An examination of a few of the key provisions would show there has been little or no genuine will on the part of the Sirisena regime to implement the resolution comprehensively as stated. While this is the reality, more evidence is emerging, that violations and abuses such as the dreaded ‘white van abductions’ are still going on.
Take for instance, Paragraph 13, whilst ratifying the ‘ international Convention for the Protection of All Persons from Enforced Disappearances’, and albeit legislating to creating an Office of Missing Persons (OMP), the regime, has still to get it operational and working. The OMP in itself is a disappointment and did not come up to expectations, the Human Rights Watch reported, because of the, “lack of consultations with the families of the disappeared.”
Moreover, Thambu Kanagasabai in his analysis, wrote the OMP was deceptive and futile, stating, although the, “OMP for its intent and purpose is a positive step to trace, search, and collect information as to the circumstances which led to disappearances, it is just an inquisitional mission without any powers on its own to prosecute those involved in the disappearances after identifying them.”
The ‘office of reparations’ called for under the resolution, is not even in the radar, a main component of transitional justice.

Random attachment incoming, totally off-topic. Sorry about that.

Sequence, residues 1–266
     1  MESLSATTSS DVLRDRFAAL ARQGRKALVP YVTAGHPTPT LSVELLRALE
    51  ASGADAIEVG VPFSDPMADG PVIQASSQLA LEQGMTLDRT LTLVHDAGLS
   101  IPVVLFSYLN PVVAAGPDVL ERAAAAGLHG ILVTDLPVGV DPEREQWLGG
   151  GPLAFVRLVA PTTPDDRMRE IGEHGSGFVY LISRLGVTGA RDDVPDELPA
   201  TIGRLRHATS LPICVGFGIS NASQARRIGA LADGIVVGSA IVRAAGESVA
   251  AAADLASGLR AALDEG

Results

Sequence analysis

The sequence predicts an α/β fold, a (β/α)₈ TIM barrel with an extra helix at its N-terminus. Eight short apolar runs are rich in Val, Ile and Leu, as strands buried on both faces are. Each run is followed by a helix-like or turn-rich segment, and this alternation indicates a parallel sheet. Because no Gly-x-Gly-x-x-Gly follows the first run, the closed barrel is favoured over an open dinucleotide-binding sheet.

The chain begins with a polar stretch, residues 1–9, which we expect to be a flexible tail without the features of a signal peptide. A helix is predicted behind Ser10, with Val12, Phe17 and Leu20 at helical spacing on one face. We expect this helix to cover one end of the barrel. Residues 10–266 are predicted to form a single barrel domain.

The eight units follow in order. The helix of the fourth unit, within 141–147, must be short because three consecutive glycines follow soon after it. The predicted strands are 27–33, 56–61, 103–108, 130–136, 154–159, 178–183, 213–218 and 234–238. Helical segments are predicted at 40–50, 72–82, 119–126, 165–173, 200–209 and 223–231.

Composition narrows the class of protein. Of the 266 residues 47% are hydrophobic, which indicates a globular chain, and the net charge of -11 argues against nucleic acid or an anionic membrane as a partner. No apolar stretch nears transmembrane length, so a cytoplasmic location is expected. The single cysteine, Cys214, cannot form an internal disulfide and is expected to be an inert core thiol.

As per Paragraph 12, the draft to replace the much feared, ‘Prevention of Terrorism Act’ (PTA), now referred to as the ‘Counter Terrorism Act’ (CTA) has been condemned by civil society organisations as being worse than the existing one, the text of which is said to be, according to the Sri Lanka Campaign, “deeply disturbing” and quoting a commentator’s observation, “a cure far worse than the disease.” Mr. A Sumanthiran TNA MP, called the draft law, “old wine in a new bottle,” and not, “in tune with international best practices,” and, “fears that the new law will retain objectionable features of the PTA like preventive detention for indefinite periods and legal acceptance of “confessions” made to police officers in the first instance.”